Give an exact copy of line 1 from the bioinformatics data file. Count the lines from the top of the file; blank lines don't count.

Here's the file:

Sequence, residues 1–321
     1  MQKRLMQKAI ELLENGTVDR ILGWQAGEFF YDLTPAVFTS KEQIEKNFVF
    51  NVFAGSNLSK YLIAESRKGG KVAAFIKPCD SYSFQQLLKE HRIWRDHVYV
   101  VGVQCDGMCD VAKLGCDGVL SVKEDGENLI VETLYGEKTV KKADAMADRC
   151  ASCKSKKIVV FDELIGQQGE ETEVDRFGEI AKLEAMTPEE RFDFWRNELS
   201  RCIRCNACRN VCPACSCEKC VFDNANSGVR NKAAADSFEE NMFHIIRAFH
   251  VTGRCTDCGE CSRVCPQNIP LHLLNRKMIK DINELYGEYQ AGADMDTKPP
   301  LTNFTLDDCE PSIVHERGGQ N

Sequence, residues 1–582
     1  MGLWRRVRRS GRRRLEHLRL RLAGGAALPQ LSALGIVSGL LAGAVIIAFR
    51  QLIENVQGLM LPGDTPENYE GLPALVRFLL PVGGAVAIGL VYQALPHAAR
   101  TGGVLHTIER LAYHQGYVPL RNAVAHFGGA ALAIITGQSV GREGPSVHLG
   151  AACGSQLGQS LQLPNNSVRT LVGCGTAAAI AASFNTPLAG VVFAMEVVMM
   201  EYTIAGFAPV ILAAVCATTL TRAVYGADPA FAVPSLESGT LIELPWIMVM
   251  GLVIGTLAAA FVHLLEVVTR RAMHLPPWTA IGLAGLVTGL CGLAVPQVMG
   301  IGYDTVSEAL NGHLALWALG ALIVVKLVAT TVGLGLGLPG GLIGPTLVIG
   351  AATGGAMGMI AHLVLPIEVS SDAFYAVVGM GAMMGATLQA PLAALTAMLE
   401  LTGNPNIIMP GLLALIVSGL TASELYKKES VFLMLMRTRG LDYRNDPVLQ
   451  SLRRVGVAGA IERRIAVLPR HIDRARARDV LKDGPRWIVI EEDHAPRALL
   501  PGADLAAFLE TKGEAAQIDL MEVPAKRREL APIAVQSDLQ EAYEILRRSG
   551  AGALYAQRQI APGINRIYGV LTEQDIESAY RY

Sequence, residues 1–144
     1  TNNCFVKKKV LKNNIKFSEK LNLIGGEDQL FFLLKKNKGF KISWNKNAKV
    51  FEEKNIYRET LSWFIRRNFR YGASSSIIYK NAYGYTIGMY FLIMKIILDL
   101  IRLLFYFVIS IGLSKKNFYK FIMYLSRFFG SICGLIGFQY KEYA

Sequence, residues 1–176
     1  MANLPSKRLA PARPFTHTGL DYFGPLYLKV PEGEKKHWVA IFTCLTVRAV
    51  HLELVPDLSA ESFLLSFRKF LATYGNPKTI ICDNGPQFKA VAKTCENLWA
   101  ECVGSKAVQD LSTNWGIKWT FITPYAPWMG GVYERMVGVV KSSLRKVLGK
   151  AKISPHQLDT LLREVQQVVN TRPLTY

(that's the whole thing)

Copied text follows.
Sequence, residues 1–321